By Beth David, Editor
The consultants working with the town to figure out what to do with the Rogers School building presented a preliminary report to about 100 people in the auditorium of the town hall on January 5.
Brett Pelletier from Kirk & Company, and Albert Rex of MacRostie Historical Advisors presented their report after meeting with town residents in November and gathering information about the area and the town, including demographic information, economic outlook information, written comments from residents and a variety of other information.
Although pressed by residents to come up with some hard numbers, the two consultants said they were not at that stage yet. They would not estimate how much money would be required to rehabilitate the building for various uses.
The pair reiterated that the building is sound, but has some “water penetration.”
“But nothing major,” said Mr. Pelletier.
“It’s structurally sound, but it certainly isn’t move-in ready,” he said.
The pair said that their research included median age in the area (Fairhaven is slightly older at 47 vs. 40 in the region vs. 36 in the state), growth rate, school enrollment projections and stability of the housing market.
The point, they said, was to try and figure out what kind of facility would be useful in the building, such as housing, or commercial, educational, or medical offices; all of which was mentioned by the public, either pro or con.
The consultants were careful not to make any conclusions at the meeting, but simply reported their findings.
They also explained the various funding sources that could be used to renovate the building and bring it up to code. Although there is some overlap, funding sources would be different for the town as for a private non-profit or a for-profit business.
From all of that information, they would try to come up with the best chance for funding the rehab of the building, said Mr. Rex.
“Is it the use the community wants to see? Not necessarily,” he said.
One thing was made clear to the consultants, though, said Mr. Rex, the public has shown a very strong preference for keeping the building owned by the town.
“We clearly understand that municipal use seems to be what most people want,” sad Mr. Rex.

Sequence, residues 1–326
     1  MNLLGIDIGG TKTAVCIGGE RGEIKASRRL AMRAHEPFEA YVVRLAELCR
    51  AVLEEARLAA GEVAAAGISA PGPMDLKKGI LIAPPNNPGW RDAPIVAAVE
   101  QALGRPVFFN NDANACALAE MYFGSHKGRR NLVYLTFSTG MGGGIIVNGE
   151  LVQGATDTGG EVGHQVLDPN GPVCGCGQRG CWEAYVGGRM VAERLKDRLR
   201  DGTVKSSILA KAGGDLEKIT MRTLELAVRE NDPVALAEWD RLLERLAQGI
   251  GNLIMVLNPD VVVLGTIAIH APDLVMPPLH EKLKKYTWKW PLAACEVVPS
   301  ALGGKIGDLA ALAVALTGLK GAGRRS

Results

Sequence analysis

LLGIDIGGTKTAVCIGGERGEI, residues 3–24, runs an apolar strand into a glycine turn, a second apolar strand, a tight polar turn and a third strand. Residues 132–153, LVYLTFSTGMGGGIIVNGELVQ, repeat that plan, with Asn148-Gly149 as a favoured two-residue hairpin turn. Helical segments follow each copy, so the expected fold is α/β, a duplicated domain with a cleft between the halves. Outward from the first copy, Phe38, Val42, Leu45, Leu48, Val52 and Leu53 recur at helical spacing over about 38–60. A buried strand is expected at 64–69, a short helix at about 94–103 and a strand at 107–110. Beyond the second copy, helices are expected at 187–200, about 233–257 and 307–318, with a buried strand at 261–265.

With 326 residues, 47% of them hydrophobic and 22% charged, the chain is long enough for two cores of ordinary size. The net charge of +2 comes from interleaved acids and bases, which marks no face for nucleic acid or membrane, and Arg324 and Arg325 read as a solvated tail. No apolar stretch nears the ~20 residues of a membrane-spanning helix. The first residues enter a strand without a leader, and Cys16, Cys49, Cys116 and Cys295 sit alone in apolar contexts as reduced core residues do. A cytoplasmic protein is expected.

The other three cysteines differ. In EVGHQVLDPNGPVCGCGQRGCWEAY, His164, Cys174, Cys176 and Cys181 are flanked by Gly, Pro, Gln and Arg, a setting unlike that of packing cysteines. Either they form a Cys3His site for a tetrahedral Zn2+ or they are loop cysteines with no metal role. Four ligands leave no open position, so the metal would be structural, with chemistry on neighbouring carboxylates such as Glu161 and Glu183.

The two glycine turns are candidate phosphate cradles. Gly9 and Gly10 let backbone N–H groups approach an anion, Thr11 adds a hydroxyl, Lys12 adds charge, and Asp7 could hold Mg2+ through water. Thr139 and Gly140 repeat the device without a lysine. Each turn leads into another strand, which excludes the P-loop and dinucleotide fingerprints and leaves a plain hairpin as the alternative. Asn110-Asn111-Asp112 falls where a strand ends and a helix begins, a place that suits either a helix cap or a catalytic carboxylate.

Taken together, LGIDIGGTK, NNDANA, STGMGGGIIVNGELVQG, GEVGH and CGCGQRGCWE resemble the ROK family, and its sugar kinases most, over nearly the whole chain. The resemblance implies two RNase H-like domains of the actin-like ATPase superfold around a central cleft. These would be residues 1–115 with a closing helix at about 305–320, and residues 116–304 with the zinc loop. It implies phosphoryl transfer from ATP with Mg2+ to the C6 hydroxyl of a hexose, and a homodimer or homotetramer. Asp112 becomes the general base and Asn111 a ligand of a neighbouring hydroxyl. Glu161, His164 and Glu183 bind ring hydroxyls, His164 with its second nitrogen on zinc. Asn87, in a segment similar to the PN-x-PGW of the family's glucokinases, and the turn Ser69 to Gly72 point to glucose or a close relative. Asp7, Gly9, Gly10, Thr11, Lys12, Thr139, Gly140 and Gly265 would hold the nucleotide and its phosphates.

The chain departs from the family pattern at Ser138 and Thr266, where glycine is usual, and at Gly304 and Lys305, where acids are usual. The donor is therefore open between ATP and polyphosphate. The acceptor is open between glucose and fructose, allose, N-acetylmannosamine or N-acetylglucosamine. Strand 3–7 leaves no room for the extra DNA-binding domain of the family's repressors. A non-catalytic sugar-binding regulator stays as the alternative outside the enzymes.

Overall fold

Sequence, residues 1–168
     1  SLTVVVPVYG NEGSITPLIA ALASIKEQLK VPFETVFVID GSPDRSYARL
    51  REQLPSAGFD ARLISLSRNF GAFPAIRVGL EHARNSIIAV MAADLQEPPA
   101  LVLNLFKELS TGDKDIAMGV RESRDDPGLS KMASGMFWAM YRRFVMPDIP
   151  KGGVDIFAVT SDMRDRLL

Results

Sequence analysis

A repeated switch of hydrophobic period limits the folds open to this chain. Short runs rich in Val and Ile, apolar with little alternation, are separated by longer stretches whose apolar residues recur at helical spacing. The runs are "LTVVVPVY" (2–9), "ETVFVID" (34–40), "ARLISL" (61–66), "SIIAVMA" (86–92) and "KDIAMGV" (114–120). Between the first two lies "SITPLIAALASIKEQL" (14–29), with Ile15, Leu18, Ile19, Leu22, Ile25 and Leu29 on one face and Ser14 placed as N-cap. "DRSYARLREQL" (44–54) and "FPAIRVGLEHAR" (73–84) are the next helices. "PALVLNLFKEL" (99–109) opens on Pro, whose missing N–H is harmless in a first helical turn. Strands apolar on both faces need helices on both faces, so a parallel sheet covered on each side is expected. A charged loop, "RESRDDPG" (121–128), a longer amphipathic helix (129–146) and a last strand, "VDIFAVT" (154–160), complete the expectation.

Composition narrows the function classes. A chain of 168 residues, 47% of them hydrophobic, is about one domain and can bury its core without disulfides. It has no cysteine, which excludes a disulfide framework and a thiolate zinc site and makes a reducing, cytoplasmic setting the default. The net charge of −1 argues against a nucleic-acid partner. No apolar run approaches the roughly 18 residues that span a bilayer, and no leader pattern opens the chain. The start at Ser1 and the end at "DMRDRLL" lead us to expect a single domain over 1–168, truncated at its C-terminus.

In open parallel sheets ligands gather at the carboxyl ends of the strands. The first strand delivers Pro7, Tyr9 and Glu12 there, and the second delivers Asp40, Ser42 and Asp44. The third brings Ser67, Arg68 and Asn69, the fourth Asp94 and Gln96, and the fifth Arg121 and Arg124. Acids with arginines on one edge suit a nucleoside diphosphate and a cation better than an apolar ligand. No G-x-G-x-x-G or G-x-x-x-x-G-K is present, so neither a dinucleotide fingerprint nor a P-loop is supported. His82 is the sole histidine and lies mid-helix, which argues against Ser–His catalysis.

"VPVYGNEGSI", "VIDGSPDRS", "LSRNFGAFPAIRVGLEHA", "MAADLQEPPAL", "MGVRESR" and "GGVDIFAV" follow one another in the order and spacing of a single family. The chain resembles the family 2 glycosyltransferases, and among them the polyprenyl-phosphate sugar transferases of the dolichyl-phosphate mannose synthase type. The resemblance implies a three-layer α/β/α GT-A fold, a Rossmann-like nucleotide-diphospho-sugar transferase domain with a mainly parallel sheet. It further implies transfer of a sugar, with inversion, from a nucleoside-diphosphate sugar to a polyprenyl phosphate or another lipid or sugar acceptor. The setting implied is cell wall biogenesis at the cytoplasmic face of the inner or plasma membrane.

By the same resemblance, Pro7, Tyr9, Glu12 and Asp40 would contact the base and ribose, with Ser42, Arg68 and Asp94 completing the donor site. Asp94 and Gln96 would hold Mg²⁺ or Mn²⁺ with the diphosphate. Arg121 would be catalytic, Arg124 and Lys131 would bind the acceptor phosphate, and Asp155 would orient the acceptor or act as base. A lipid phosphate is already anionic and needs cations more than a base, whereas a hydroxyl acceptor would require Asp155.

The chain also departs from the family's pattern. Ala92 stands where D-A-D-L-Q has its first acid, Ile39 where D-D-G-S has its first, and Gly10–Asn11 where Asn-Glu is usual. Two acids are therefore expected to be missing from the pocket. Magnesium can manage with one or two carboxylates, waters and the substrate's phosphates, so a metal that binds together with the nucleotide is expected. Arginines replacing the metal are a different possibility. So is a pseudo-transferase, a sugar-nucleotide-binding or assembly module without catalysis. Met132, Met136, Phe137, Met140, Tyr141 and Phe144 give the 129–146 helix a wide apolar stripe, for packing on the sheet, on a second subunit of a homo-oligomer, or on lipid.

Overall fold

He cautioned, though, against moving some town departments into it, such as Emergency Management, that uses a building on Sconticut Neck Road, and the School Department, which uses a building on Washington Street.
That is how the town got in the situation in the first place, he noted, by consolidating. He cautioned against working so hard to fill up one large building only to end up with two smaller vacant ones.
He reminded residents that most towns are trying to keep staffing levels low, not expand them. And Fairhaven simply does not need the extra space.
Both consultants showed the layout of the building and explained how costs to renovate affect the final bottom line. The large corridor, for example, is dead space, not efficient space, meaning it will not be rented out or used as a per-foot return on investment. An elevator, for example, will have to be installed no matter who uses it. That is true no matter how big the building. In a larger building, the cost of that elevator gets spread out a little more, because it costs the same for a big building or a small one.
The upshot is: The building needs to produce enough revenue on a monthly basis to pay the debt.
The consultants would not estimate the cost of demolishing the building, saying only that it would be “substantial,” and that the 1950s addition would be more expensive because of environmental hazards.
They cautioned, though, against the town jumping the gun to demolish the addition, because it does offer wheelchair access to the old building.
“The 1950s addition isn’t all bad,” said Mr. Pelletier. “There are positives. There are virtues to that building. It’s accessible, and allows access to the old building.”
Once the actual costs are figured out for the various uses, they will be able to give some concrete possibilities for the uses.
Mr. Rex said that the best thing might be for the town to partner with a developer and then offer a long term lease for a specific use.
He said that was probably the direction he would go in because the clear preference was for the town to keep ownership of the building.
The task would be to figure out funding sources for a project that includes keeping the town as owner.
As for actual costs, Mr. Rex said they would estimate the costs of the various uses based on standard criteria.
“We’re not [going to] get hyper specific,” said Mr. Rex.
Resident Al Benac got some applause when he said that the town should stop thinking about the costs of a wholesale rehab of the building.
He said it was not about to fall down and eventually the town would need more space.
“[The building] can be brought up slowly,” said Mr. Benac, and then offered to pay to fix the leak himself.
And then the crowd clapped.
The meeting is available on YouTube through a link on the town’s website, www.fairhaven-ma.us; public comments, the presentation and the preliminary report are also available on the town’s website. Click on “Documents and Contracts,” and then on “Rogers School Documents.”
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